While much of the emphasis has been placed on advising women to abstain from alcohol while pregnant, research shows men who consume alcohol can cause disorders in their children. Though it’s not clear how much alcohol is a risk factor, it is clear dads should be passing on alcohol if they want to ensure their children are healthy.
A study, published in the American Journal of Stem Cells in May 2016, detailed how a father’s lifestyle can have an unexpected influence on his child’s health.
Senior researcher Joanna Kitlinska, Ph.D. stated, in an article published in Tech Times
“We know the nutritional, hormonal and psychological environment provided by the mother permanently alters organ structure, cellular response and gene expression in her offspring.”
The findings showed that the same can be said with the biological fathers whose age, lifestyle and drinking behaviors can affect the molecules involved in gene function.
“In this way, a father can affect not only his immediate offspring, but future generations as well,” added Kitlinska.
Additional research is needed, but the message of Zero Alcohol For Nine Months (049) needs to be expanded to include no alcohol for men planning on having a child.
2018 Update: Here is a link to an article in Science Daily from 2014 outlining: Ground breaking new research has been revealed which shows dads may have more accountability.
Published in Animal Cells and Systems, researchers studied male mice exposed to varying concentrations of alcohol and one control group exposed only to saline. After exposure the mice were mated and resulting fetuses examined. The findings revealed previously unknown and riveting evidence that paternal alcohol consumption can directly affect fetal development.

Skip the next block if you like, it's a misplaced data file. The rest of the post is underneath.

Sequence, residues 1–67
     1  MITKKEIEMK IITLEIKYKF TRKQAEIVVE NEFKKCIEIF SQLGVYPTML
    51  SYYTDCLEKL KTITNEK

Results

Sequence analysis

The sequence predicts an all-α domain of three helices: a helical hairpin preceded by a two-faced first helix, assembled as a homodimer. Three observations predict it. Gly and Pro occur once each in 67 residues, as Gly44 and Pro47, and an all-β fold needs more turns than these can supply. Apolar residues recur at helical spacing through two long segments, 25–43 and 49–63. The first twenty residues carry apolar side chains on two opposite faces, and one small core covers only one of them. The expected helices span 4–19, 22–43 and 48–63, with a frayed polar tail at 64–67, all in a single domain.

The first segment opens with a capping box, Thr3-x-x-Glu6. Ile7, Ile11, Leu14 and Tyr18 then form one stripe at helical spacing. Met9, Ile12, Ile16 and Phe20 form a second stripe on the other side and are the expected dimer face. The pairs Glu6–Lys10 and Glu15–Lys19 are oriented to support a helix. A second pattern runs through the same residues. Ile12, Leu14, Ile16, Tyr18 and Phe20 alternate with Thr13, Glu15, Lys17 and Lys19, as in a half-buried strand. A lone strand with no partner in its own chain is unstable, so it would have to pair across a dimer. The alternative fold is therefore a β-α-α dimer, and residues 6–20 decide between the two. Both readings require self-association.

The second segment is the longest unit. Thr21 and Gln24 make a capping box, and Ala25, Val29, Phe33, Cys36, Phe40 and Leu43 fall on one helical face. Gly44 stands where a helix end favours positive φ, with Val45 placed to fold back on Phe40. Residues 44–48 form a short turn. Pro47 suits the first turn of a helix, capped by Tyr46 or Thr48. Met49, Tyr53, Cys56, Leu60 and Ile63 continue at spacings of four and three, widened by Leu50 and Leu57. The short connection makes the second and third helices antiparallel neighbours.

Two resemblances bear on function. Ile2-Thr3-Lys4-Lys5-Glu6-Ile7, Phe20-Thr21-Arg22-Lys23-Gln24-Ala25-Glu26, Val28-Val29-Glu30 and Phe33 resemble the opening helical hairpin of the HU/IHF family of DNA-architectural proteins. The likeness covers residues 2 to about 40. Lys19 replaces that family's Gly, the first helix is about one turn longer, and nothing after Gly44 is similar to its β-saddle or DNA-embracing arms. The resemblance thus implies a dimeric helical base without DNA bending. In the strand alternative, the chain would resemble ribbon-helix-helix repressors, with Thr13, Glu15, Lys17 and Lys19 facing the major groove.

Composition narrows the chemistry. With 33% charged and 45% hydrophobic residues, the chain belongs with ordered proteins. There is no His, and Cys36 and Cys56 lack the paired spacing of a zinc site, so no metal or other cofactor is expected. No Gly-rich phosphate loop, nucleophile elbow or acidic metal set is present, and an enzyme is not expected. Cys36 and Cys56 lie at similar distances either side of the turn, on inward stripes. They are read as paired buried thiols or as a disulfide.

Until now fathers’ lifestyle choices have not seen any repercussion on their unborn children. This ground-breaking research provides the first definitive evidence that fathers’ drinking habits pre-conception can cause significant fetal abnormalities.
Another study has revealed risky or binge drinking by either sex, before a pregnancy can cause harm.
We have known for many years that drinking alcohol during pregnancy can lead to developmental delays and birth defects in offspring. However, our data demonstrate that drinking large quantities of alcohol in a “binge” fashion before pregnancy can also impact future offspring and importantly, this is true for drinking behaviors of both parents, not just the mother.
Our previous data support the idea that alcohol is affecting the parental sperm and eggs to induce these modifications in the offspring, but this most recent work shows the extent of those effects on social behavior, pubertal maturation, and stress hormones as the offspring grow to adulthood.
This means that the risky behaviors of young people, such as the extremely popular practice of binge drinking, have potentially far-reaching consequences for generations to come.
You can find an article and link to the Study at: Prevention Conversation .
Stay tuned for Day 10 on this 99 Day Journey to FASDay!